Margrave Of The Marshes (John Peel’s Autobiography)

If you haven’t already heard, parts of John Peel’s record collection will soon become a virtual museum of sorts from now till the end of October 2012. John kept his collection meticulously catalogued and filed with cards he hand-typed on his old Olivetti typewriter, and each week for 26 weeks, users will get access to whatever music was on the first 100 filecards of a given letter of the alphabet, with 1 album highlighted for special attention. (Unfortunately, since access is through Spotify those of us in Singapore can’t actually be part of the fun.)

Alexis Petridis got a first peek into the collection, and wrote a charming article for The Guardian about what awaits us:

In one instance, the sheer obscurity of the music seems to have overwhelmed even Peel. There is a card that features no track listing at all, merely the dark summary “16 songs in Hungarian”.

In light of this, now seems a good time to share some favourite excerpts (I haven’t done that for so long!) from John’s autobiography Margrave Of The Marshes, which was half-written during his lifetime and finished posthumously by his wife Sheila. Funnily enough, I actually prefer the writing in Sheila’s half – the half written by John suggests he never met a comma he didn’t like. Nonetheless, the book is a wonderful read not just for music geeks but anyone who ever enjoyed John’s inimitable personality and radio presence – in my household, for example, Alec (who never listened to The John Peel Show but loved Home Truths) and I (who never listened to Home Truths but loved The John Peel Show) enjoyed it equally. 

The book opens with a quote from John, writing in Disc and Music Echo, 1969:

It is obvious that disc-jockeys, as a class, are essentially parasitic. We are, with lamentably few exceptions, neither creative nor productive. We have, however, manipulated the creations of others (records) to provide ourselves with reputations as arbiters of public taste. There is no more reason (nor no less) why I should be writing this column than you – however I am in this unmerited position and you’re not. I believe very much in radio as a medium of tragically unrealised possibilities and also in the music I play. Therefore accepting the falseness of my own precarious position I will do what I can, wherever I can, to publicise these good things I hear around me. These musicians have made you aware of, and appreciative of, their music – not J. Peel.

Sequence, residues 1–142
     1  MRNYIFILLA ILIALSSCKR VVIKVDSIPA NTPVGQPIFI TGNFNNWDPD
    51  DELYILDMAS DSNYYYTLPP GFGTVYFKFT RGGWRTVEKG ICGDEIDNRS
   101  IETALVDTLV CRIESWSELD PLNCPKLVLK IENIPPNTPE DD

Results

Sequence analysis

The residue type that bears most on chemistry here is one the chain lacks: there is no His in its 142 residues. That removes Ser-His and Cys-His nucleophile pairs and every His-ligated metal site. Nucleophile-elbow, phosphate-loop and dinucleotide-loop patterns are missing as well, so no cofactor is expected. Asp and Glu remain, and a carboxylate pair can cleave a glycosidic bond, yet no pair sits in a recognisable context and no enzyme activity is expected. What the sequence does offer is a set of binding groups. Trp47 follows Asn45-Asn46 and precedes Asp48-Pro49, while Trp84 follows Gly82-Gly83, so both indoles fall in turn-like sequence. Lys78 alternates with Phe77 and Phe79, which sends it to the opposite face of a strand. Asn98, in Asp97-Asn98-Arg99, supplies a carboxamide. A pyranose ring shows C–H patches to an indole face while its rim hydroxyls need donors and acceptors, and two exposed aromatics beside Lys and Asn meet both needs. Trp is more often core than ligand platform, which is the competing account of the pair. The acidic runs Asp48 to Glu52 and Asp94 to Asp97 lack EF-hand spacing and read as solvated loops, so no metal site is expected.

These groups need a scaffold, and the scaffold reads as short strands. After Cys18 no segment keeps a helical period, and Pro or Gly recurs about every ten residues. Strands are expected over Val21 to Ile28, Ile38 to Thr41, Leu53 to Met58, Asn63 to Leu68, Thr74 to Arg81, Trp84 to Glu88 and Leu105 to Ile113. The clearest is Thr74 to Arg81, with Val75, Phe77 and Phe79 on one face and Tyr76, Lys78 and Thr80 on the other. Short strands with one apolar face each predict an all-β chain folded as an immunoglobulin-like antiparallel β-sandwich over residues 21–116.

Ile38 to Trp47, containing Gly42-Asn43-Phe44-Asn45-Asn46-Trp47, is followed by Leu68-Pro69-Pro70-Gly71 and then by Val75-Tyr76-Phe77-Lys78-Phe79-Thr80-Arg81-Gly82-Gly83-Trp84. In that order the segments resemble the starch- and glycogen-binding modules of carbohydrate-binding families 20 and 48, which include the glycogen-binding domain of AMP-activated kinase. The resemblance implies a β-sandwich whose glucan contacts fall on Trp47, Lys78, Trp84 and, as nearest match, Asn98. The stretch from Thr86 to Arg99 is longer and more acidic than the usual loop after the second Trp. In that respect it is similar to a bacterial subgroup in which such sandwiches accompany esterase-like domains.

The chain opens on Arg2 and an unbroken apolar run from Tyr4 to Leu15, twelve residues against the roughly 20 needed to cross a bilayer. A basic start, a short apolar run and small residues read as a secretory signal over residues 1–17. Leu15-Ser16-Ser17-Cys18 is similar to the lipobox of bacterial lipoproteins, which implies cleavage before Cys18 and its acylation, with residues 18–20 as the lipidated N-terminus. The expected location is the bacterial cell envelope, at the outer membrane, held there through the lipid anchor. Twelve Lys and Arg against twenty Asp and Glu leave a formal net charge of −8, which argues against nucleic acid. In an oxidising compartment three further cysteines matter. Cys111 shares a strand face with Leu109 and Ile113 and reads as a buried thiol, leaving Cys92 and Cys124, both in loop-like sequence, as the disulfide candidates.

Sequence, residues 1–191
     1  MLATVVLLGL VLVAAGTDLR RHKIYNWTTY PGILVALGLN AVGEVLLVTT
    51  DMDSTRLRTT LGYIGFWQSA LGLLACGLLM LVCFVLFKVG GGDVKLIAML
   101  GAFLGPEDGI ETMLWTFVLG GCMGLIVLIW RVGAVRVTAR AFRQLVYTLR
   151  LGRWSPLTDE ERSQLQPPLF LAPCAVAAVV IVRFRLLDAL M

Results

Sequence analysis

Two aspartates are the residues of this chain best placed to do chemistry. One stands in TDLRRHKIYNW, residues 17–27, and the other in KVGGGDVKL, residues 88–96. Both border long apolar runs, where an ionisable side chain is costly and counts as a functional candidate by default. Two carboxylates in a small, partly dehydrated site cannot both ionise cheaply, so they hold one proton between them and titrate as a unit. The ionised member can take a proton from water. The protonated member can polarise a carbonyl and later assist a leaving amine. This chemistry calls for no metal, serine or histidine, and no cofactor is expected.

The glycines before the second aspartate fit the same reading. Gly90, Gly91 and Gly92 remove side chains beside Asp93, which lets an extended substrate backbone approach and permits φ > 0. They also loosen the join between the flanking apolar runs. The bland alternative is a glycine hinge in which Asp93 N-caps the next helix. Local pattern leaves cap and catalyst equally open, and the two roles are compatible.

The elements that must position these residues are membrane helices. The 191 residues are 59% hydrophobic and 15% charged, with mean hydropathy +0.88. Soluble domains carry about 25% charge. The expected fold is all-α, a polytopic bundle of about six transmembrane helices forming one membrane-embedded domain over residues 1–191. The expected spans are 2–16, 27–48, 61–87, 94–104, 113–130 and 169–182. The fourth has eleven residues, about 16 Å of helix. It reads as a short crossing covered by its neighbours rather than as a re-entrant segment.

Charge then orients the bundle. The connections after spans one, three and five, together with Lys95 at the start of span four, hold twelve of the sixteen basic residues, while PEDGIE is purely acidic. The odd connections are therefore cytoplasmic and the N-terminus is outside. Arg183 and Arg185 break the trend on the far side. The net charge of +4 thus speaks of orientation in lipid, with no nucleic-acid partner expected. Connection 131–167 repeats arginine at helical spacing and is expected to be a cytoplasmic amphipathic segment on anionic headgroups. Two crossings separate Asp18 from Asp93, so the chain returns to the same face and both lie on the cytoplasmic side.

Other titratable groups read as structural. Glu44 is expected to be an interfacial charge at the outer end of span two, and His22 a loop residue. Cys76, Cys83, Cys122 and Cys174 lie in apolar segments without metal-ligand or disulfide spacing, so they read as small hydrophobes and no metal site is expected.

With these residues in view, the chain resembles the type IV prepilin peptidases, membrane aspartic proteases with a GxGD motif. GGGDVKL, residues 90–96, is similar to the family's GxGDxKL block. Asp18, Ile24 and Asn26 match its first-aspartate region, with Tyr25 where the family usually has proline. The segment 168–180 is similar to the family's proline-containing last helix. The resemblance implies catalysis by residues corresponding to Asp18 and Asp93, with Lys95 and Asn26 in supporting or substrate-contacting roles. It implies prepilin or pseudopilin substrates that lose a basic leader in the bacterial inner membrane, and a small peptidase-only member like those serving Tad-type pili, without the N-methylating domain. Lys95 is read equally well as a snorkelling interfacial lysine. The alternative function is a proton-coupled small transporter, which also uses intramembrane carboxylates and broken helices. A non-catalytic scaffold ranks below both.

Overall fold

Read on for more excerpts from Margrave of the Marshes

My Pathetic Tribute To John Peel

I’m too wimpy to host mp3s myself here (bandwidth fears, plus that inconvenient future profession of mine), but I thought I’d mention some bands who I heard about through John Peel, and who (unlike the Shite Stripes) aren’t anywhere near famous enough yet.

  • The Crimea: Baby Boom is the song that got me hooked. Wonderful soaring guitar lines, thoroughly appealing melody, and the slightly hoarse wheedling tone of the lead singer endears me instead of irritating me the way Ben Gibbard’s does. Altogether it is rather like skinny-dipping in a lake of shooting stars on the happiest day of your childhood. You can listen to snippets of a couple of other songs here – try Bombay Sapphire Coma and Out Of Africa.
  • Knifehandchop: Mixes drum’n’bass with every sound known to man and then some. Completely manic, deliciously unpredictable, and generally as addictive as cocaine, complete with the tendency for nosebleeds. Already fairly well-known among people who keep up with the scene, but still not famous enough for me, so go check out his Peel Session, kindly made available for download at boomselection.
  • Murcof: I heard some tracks on the John Peel show, which then influenced me to buy a Leaf Label sampler, which in turn introduced me to Asa-Chang & Junray and some very strange dreams. Murcof isn’t for everyone, I’ll admit. I’d understand if people found him too cold and cerebral, but there’s something I rather like about the atmosphere he creates, like a room of shifting sands in an abandoned avant-garde funhouse. Try Memoria, off his excellent Martes album.
  • Magoo: I didn’t actually hear Magoo on the John Peel show, but the fact that he was a fan was the reason I decided to check out their gig at the Arts Cafe. I was completely floored, and have gone on to acquire all of their albums since then. No mp3 link here, I’m afraid, because there isn’t much about Magoo online and they’re almost impossible to locate on file-sharing networks because you tend to get a lot of Timbaland stuff instead. But if you pick up an album I’d recommend The Soateramic Sounds Of Magoo or Realist Week. Better still, see them live because they’re incredibly tight. Tour dates can be found at their official site.

Silence The Pianos And With Muffled Drum

John Peel has died suddenly of a massive heart attack. I didn’t listen to him as regularly as I did the Breezeblock, which I am now profoundly regretting. I wasn’t expecting him to die at 65. I was expecting him to be showcasing the latest developments in chainsaw folk techno well into his 90s.

The thing is, I don’t have to have listened to him 3 times a week to feel as if I’ve lost a hero. Perhaps I’m just generally in an overemotional frame of mind (see previous post), but for the first time in my life I’m listening to Teenage Kicks with tears in my eyes.